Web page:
Friday, October 28, 2016

Where The Money Comes From In The Fight Over Charter Schools | Edify

Where The Money Comes From In The Fight Over Charter Schools | Edify:

Where The Money Comes From In The Fight Over Charter Schools

Both sides in the ballot fight over the charter cap are out knocking on doors in the run-up to Election Day. The public faces of each campaign are students, parents and teachers, pleading for fairness and excellence in every child’s education.
Behind the scenes, though, an unprecedented clash of titans is taking place.
Supporters of Question 2 — the ballot measure that would raise the cap on the number of charter schools allowed to operate in Massachusetts — have contributed $19.5 million to the campaign; opponents have kicked in $13.4 million, according to filing data kept by the state Office of Campaign & Political Finance.
Together that makes almost $33 million — more than twice the $15 million spent, mostly by gaming interests, in the 2014 casino debate, which had been the state’s most expensive campaign on a ballot question.
And very little of that money comes from small, Bernie Sanders-sized donations. Though hundreds of people have contributed modest amounts of money this past year, the average contribution on both sides is about $40,000.
The opposition to Question 2 — organized under the name “Save Our Public Schools” — is almost entirely funded by national and local teachers’ unions; less than 1 percent came from other sources.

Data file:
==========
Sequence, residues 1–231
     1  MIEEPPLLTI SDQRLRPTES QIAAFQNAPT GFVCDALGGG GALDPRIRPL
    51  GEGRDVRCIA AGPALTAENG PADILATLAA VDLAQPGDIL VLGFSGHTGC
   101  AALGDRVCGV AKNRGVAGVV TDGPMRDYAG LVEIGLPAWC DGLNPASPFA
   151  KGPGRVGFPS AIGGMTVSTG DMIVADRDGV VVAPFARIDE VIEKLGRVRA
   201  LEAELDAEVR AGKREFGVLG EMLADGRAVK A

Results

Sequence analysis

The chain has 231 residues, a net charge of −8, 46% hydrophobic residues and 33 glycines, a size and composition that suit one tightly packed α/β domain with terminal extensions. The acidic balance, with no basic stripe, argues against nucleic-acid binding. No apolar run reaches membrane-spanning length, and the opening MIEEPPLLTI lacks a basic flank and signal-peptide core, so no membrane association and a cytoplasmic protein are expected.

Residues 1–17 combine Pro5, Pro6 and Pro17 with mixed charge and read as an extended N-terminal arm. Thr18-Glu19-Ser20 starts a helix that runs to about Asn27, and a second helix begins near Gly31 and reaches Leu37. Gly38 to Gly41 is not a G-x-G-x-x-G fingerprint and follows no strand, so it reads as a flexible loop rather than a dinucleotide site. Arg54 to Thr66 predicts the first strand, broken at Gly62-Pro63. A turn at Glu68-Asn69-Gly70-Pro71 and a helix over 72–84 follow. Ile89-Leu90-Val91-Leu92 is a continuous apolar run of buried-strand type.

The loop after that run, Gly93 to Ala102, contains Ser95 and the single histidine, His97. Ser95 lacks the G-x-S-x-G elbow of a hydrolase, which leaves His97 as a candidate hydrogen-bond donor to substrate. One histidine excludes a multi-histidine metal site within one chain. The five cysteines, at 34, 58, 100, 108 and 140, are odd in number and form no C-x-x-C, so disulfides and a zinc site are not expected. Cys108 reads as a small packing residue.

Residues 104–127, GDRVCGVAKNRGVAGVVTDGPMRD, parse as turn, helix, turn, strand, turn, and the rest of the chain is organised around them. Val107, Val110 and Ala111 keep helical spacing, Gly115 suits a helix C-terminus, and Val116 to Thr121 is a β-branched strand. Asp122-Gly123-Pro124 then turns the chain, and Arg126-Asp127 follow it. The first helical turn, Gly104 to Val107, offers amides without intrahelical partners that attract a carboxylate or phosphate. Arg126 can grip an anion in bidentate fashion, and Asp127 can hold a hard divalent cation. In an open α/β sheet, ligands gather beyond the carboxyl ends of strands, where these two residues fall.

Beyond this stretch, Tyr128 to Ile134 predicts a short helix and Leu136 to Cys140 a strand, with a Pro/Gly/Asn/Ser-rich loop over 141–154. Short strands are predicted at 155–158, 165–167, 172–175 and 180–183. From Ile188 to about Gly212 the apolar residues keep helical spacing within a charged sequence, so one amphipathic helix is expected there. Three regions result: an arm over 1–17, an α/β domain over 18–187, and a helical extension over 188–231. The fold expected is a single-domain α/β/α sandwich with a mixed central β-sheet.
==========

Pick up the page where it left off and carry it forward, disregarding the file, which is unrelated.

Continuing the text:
The Massachusetts Teachers Association, the largest state union, contributed $5.9 million, surpassing the $5.4 million given by the National Education Association, the nation’s largest union with 2.9 million members. Smaller locals, led by the Boston Teachers Union, contributed around $300,000.
In total, about 56 percent of the “No” funding comes from sources inside Massachusetts.
On both sides, the money mostly bought a relentless wave of TV advertising and outreach. Save Our Public Schools has spent almost $9.2 million on "media placement" with advertising firms as well as with Hulu and Facebook.
Meanwhile, groups in support of Question 2 have spent $13.2 million on media buys with a single Alexandria, Virginia, ad agency — as well as $627,000 on canvassing.
If the “No” contributions are mostly from teachers’ groups, they’re at least transparent. The base of “Yes on 2” supporters is more varied — and more unknown.
According to OCPF data, almost 82 percent of contributions in support of Question 2 come from out-of-state, but it’s hard to say exactly where they originate. That’s because almost $15 million of the campaign’s total receipts Where The Money Comes From In The Fight Over Charter Schools | Edify: